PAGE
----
While students were packing snowballs in the midst of a winter storm on Saturday afternoon, Jerry Clemmer, general manager of University Dining Services, was searching for batteries so he could inflate air mattresses for the 18 dining services employees who would be spending the night on campus.
The University of Richmond received more than 11 inches of snow on Jan. 30, and several facilities, activities and classes were closed, canceled or postponed. But what about the Heilman Dining Center employees who couldn't go home? How did they get to and from the university with road conditions worsening throughout the day?
Alvin Johnson, a dining hall employee whom almost every student would recognize, spoke about the measures he took to get to work on time, despite the winter storm.
"Snow or no snow, it's our responsibility to be here," Johnson said. "To be here for y'all - for the students."
Johnson said that when he had walked to his car on the morning of the winter storm, he noticed that the tire was "flat as a pancake." Johnson struggled to change the tire as the snow silently coated his car and surroundings, but realized he was missing a part and was therefore unable change it. His neighbor offered to give him a ride to work, even though the snow was quickly accumulating, he said.
"I thought about calling in," Johnson said. "But the kids need us here."
Most of the employees drove or took the bus, Clemmer said. Only one scheduled employee couldn't make it to work.
By noon the campus resembled a snow-covered winter wonderland. With six inches of snow already draping the gothic buildings and obscuring the brick paths and roads, driving conditions were becoming increasingly precarious. Some of the employees whose shifts ended mid-day got stuck as they tried to leave campus, Clemmer said, and few had to come back and spend the night.
Approximately 18 members of the dining service team spent the night on campus, said Dee Hardy, director of dining services.
"They've been doing this for years," said Tim Scott, a dining hall employee. "It always works out."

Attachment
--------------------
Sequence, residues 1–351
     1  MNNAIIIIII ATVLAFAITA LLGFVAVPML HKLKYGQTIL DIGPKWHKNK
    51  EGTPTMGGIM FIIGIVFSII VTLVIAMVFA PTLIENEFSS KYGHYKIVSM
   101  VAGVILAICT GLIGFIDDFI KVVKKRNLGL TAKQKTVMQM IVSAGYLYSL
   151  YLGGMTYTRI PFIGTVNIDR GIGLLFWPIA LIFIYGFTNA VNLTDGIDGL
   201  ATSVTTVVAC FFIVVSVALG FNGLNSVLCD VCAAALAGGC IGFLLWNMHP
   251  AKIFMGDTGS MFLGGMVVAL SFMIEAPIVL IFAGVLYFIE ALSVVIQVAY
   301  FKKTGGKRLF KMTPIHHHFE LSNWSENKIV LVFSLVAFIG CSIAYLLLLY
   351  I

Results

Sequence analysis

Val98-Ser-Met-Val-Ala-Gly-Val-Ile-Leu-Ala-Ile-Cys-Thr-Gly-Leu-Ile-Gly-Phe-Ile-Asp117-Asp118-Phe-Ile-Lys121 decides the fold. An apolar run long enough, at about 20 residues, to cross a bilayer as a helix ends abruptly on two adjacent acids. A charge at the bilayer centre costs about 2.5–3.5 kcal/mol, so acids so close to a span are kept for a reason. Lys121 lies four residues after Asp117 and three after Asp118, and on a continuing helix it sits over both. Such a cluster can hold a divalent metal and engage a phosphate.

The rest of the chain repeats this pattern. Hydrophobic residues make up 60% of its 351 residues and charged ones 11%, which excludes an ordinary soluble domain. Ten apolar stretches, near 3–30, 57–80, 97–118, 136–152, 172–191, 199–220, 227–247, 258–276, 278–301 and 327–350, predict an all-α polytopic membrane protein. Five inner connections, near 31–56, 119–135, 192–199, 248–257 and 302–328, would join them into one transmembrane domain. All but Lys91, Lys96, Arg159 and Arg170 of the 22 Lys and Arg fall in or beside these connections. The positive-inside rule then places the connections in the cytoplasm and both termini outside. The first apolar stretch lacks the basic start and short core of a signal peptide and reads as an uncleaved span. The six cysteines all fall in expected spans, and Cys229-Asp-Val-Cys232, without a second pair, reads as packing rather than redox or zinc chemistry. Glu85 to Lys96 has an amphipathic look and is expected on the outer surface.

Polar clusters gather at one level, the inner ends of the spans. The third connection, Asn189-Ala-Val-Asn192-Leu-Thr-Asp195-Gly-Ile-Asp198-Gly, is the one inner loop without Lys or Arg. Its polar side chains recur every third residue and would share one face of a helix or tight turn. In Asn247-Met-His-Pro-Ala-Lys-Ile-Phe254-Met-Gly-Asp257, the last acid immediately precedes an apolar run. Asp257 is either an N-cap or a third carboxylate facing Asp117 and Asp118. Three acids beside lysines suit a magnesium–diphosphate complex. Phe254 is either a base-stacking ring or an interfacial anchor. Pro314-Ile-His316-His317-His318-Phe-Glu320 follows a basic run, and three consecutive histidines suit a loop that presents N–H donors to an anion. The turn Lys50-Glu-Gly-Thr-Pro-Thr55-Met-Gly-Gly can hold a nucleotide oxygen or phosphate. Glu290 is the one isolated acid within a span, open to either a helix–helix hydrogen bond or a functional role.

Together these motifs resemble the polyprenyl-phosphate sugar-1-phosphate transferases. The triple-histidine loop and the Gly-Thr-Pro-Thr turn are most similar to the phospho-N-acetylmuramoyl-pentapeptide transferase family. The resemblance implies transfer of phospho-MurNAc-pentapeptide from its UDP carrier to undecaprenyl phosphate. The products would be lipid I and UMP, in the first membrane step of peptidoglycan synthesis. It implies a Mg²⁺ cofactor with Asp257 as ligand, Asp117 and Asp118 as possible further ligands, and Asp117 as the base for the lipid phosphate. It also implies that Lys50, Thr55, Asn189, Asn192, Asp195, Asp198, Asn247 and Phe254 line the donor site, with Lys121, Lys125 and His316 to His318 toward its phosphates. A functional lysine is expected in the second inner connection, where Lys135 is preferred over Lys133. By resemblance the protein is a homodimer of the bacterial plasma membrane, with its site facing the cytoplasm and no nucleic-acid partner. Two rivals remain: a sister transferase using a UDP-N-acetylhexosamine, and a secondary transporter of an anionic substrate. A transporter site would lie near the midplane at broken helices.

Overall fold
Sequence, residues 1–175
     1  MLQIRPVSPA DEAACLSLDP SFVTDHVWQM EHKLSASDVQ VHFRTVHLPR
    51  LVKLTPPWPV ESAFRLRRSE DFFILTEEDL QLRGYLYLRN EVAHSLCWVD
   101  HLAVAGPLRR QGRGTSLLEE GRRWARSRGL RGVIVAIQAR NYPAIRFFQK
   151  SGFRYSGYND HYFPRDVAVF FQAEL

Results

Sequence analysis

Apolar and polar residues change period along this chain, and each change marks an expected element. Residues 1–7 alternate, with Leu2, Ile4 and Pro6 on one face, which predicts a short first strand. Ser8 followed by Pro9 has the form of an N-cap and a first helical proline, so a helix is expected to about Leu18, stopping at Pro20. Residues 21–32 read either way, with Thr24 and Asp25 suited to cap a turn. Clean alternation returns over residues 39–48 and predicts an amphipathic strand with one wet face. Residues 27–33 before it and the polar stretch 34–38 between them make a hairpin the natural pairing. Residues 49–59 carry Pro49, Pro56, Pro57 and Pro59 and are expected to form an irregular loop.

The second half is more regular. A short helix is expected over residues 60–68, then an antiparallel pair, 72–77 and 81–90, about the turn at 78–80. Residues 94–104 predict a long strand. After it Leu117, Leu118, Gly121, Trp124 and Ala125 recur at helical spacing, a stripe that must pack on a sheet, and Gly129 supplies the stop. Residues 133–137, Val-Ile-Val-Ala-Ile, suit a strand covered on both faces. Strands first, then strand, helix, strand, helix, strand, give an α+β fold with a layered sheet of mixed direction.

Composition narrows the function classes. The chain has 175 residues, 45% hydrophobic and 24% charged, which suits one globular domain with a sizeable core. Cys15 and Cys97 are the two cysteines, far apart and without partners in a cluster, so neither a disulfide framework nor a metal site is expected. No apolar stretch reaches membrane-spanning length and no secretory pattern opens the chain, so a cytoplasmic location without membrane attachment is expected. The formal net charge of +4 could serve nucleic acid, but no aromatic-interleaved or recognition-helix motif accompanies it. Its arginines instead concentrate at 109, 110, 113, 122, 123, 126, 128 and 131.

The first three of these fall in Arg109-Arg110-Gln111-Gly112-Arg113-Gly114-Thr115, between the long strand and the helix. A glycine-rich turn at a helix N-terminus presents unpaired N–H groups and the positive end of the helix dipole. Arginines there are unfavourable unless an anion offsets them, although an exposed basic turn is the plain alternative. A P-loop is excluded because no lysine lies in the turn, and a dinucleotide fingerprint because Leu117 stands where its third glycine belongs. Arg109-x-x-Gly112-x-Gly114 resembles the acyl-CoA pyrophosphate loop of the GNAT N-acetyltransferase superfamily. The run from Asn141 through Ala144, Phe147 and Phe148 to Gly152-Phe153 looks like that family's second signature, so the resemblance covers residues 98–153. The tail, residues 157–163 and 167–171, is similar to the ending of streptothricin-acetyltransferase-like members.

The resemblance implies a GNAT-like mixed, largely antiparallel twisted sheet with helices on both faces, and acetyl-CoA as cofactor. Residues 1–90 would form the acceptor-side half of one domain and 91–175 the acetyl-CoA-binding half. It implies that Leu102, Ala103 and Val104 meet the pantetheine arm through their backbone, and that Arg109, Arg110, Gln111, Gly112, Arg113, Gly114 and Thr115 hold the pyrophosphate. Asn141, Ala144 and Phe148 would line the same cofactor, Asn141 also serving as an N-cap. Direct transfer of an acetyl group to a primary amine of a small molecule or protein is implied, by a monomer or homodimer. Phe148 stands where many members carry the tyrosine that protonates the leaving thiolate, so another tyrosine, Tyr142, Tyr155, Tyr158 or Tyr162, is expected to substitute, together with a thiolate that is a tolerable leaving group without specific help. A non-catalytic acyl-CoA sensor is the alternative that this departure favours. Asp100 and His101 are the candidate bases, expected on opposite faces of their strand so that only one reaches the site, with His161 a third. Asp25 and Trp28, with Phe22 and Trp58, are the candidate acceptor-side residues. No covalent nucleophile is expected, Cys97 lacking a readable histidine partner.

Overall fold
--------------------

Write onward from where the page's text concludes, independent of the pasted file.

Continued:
Hardy said: "We had a sleepover in the dining hall. Some slept in the Westhampton Room, some slept downstairs and we had a few in the Alumni Center - basically anywhere with floor space."
Johnson and Clemmer were among the 18 employees who slept in various places around campus.
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"I was supposed to spend the night," said Tykisha Booker, a dining hall employee. "But I decided to leave my car here overnight [and found a ride home.]"
Booker was one of many employees who sought the assistance of friends and family who had vehicles with all-wheel drive and well-equipped to drive in the aftermath of the fierce winter storm.
Hardy said she and another employee went to Wal-Mart to buy air mattresses, blankets, towels, toiletries and other supplies for the employees who would be sleeping on campus.
"We picked up enough supplies to get people through the night," Hardy said "We had access to showers, washers and dryers, too."
Clemmer said: "I'm not complaining. This is a time when we have to be here for our students. I hope the efforts made today show how much we really care. We have a great team, we really do."
Clemmer went on to say that a few of the managers who weren't scheduled to work on Saturday came to the dining hall to make sure everything was operating smoothly.
"Those are the kind of employees we have here," Clemmer said. "We are truly here for the students."
Because road conditions worsened at night, the dining hall closed early on Saturday to give employees a chance to get home, Hardy said.
"We did have some behavior concerns with inebriated students," Hardy added, regarding rowdy student conduct in the dining hall on Saturday evening.
It took staff an extra 1.5 hours to clean the tossed food and debris in the dining rooms left by disorderly students, Hardy said.
"I don't think any of it was done with malicious intent," Hardy said. "I think students had cabin fever, and a few of them didn't stop to think about the consequences of their actions."
But there's another winter storm on the forecast, and Hardy said students would have another opportunity to be respectful to the staff who work to handle all the quandaries that inevitably come with inclement weather.
"I would really like to recognize the commitment of my team and the facilities crew, too," Hardy said. "It was a rough storm that definitely brought challenges. But I truly believe that the majority of students appreciate our efforts."
Contact staff writer Fred Shaia at firstname.lastname@example.org
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